Celebrex Deemed Safe for Use
When Celebrex was first introduced to the market in 1999, it seemed like a miracle drug; it could treat pain in patients – much like ibuprofen – but did not cause the serious bleeding and stomach ulcers that other drugs did.
But it wasn’t long before questions about risks of using Celebrex were raised. And 10 years ago, the FDA asked Pfizer – Celebrex’s manufacturer – to find out whether or not taking the drug increased the risk of heart attack. Pfizer has now finished that research, and has emerged with a surprising conclusion: the risk of heart attack when taking Celebrex is no greater when compared with ibuprofen or naproxen.
The study was comprised of 24,000 people, all of whom had arthritis (hence their need for pain management and anti-inflammatory drugs), and all of whom were considered at high risk for heart disease, or had already developed heart disease.
The 24,000 people were divided into three groups: one group was given naproxen, one group ibuprofen, and one group Celebrex. The doses of each drug were equivalent, and neither participants nor researchers were told which patients were taking which drug.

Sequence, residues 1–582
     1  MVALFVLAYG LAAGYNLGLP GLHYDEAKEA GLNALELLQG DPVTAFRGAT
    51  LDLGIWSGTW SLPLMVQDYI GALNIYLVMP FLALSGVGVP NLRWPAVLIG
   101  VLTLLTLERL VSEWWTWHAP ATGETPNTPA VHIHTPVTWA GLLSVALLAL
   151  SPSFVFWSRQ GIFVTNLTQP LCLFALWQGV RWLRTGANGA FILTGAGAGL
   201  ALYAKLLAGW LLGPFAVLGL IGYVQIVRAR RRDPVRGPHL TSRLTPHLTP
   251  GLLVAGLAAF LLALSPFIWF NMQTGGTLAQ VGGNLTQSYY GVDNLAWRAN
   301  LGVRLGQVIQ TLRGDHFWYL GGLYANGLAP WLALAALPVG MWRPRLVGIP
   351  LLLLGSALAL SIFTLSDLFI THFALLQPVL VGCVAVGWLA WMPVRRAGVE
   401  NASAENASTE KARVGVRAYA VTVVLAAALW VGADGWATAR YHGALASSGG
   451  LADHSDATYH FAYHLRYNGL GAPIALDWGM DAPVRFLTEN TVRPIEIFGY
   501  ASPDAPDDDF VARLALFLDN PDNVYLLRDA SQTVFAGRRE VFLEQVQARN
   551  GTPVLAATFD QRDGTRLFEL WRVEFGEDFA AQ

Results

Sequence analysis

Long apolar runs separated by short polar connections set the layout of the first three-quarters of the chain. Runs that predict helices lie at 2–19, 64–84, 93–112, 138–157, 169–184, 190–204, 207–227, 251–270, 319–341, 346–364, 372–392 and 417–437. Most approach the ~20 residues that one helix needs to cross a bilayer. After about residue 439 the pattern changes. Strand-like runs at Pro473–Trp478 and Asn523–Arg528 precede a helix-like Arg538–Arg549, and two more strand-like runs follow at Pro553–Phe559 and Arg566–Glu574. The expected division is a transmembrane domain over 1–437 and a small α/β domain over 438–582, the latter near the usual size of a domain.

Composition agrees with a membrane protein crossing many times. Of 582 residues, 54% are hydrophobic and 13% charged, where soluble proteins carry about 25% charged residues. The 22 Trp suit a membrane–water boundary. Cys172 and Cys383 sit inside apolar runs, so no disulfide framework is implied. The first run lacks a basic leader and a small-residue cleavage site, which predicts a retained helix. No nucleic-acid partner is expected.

While scientists assumed that the risk of heart attack would be greatest amongst those patients taking Celebrex, the study revealed no increased risk of taking Celebrex when compared to the two other medications. In fact, 2.3 percent of patients taking Celebrex (generic name celecoxib) died from heart disease or hemorrhage, or had a heart attack or stroke, during the study, compared to 2.5 percent of naproxen-taking patients, and 2.7 percent of ibuprofen-taking patients. The study further revealed that those patients taking ibuprofen had poorer kidney function, and that patients taking ibuprofen or naproxen had more gastrointestinal bleeding issues, as well as a higher chance of being hospitalized for high blood pressure. In short, data from the study seems to suggest that Celebrex is safest.
Not So Fast
While raw data from the study may lead a patient or a healthcare practitioner to conclude the Celebrex is safe for use, others caution that further scrutiny of the drug’s safety may be wise. One of the reasons for uncertainty is that the study failed to use a placebo, meaning that while the rate of heart attack and other complications when taking Celebrex was compared to the use of other drugs, it was not compared to a drug-free approach (i.e. is the rate of heart attack amongst Celebrex-using patients higher than it is amongst the general population?). One doctor told The New York Times that he would “not feel comfortable” in stating that taking celebrex is perfectly safe, especially if the drug is needed for a longer period of time, such as more than a couple of months.
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